The Stuxnet worm has infected tens of thousands of Iranian computer systems, along with systems in other countries. It is being unraveled by computer security companies and Siemens, the maker of industrial equipment that is its target.
The exact target is not known, but speculation tends to settle on the Bushehr civilian nuclear power plant and the Natanz enrichment plant, leading to the more speculative conclusion that Israel or the United States is responsible for it. Both have stated that they are using various means to attempt sabotage of Iran's nuclear infrastructure.
But let's look at another possibility: Russia. Russia has direct access to the Bushehr plant, since they are supplying it. Russia also has a great concentration of outstanding computer programmers, many of which have taken to the production of malware. Russia is a prime suspect in the distributed denial of service attacks in Estonia during the controversy over a Soviet monument in Tallinn and in Georgia during their short war. So a motive for the attack in Iran might be to test another sort of attack, against industrial infrastructure. Relations between Russia and Iran over Bushehr have been rocky over the many years it has taken to build the reactor; that's why it has taken so long.
If the code was furnished by Israel or the United States with the intention of harming a particular plant, it is highly irresponsible to make the code in the form of a worm, which can propagate itself. The ultimate protection against computer infection, of course, is the air gap: if a computer isn't connected to any other computers, it can't be infected. The air gap is used for security in many industrial plants. But memory sticks can be infected, and they can transmit the worm, which seems to be the main route of Stuxnet infection.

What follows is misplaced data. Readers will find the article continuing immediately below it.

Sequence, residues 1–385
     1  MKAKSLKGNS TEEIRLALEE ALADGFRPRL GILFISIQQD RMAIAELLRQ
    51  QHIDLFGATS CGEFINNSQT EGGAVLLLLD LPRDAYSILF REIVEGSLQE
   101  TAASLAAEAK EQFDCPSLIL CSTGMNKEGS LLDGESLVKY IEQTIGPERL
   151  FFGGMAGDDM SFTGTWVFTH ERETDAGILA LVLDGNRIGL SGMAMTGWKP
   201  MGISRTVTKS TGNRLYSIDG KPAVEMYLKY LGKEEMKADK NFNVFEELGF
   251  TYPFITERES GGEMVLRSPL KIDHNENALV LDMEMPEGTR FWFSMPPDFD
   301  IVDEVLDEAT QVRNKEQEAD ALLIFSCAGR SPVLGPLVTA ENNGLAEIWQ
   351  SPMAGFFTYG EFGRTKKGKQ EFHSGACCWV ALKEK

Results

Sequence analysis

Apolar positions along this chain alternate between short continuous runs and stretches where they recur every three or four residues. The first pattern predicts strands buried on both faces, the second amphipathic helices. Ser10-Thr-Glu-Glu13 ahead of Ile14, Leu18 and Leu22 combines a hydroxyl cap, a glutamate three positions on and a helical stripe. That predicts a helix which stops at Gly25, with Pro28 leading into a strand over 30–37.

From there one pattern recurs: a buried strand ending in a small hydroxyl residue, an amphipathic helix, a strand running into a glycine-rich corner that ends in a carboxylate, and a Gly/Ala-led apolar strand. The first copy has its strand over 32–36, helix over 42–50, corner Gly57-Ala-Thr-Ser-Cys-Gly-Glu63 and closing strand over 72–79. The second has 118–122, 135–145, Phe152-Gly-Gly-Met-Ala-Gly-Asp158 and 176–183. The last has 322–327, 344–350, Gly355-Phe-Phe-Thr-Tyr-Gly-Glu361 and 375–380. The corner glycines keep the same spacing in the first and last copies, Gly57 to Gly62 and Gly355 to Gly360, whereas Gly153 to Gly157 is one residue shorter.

So why make a worm? It could be that the perpetrators didn't have access to the targeted facility, in which case infection would be necessary. Or perhaps the perpetrators wanted to trace the routes of infection, which might provide some clues as to who might be providing questionably-legal support to Iran's nuclear program. Transmission via memory sticks would be slow enough to outline the importance of various providers. The Guardian provides a map. Interesting connections to India and Indonesia.
Stuxnet is one more demonstration of how difficult cyberwarfare is. Estonia was inconvenienced for a week or two; the attack on Georgia seemed to be less effective. Siemens is introducing correctives to Stuxnet. Warfare has to be more than a one-off, but it is in the nature of an attack to be noticed, and, once noticed, responded to. A great many non-governmental individuals and organizations have as much fun countering malware as others do developing it, and governments have their resources as well. Like the attacks on Estonia and Georgia, Stuxnet is very difficult to trace to its perpetrator, perhaps impossible. So there is no retaliation. And transmissible malware can blow back on the perpetrator. Looks like there are Stuxnet infections in all the major suspects.
Defense works. Sticking possibly infected memory sticks into USB ports is dumb; the air gap applies to memory sticks too. And there are better defenses that most of us have on our home computers. As malware does its damage, it is detected and countered, an emerging and evolutionary process rather than a catastrophe.